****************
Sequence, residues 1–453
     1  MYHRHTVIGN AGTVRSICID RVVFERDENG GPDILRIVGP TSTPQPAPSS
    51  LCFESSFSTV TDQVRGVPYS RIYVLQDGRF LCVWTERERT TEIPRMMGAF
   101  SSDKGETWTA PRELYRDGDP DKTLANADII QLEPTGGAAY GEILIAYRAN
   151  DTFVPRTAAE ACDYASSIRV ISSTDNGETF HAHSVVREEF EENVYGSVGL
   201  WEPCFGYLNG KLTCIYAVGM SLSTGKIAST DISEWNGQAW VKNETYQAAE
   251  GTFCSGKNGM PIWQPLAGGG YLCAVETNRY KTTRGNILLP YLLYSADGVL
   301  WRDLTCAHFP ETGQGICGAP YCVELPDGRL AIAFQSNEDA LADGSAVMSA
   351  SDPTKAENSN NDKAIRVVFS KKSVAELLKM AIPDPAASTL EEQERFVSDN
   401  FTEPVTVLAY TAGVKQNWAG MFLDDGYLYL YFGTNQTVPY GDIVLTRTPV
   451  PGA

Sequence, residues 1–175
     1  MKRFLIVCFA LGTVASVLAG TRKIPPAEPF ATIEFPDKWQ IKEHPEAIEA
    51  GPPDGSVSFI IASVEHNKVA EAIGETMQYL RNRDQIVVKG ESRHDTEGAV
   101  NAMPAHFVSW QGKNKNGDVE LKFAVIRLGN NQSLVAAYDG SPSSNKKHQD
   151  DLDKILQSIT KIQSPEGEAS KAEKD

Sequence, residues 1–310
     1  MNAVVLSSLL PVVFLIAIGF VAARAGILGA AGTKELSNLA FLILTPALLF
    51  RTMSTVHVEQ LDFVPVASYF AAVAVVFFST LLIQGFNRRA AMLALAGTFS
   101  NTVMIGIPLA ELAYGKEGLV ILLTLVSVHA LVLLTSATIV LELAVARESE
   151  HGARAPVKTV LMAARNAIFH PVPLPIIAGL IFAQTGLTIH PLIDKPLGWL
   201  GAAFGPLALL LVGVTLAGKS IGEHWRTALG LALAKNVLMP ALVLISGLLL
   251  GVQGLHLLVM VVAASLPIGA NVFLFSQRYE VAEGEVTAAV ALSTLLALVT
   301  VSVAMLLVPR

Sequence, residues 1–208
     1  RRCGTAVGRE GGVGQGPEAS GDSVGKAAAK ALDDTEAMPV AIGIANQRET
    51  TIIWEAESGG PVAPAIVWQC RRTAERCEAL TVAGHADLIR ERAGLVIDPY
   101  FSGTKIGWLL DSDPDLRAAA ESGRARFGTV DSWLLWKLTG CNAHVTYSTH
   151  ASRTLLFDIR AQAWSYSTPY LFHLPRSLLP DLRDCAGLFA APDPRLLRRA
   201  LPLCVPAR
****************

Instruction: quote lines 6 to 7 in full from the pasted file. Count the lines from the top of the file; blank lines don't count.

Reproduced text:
   201  WEPCFGYLNG KLTCIYAVGM SLSTGKIAST DISEWNGQAW VKNETYQAAE
   251  GTFCSGKNGM PIWQPLAGGG YLCAVETNRY KTTRGNILLP YLLYSADGVL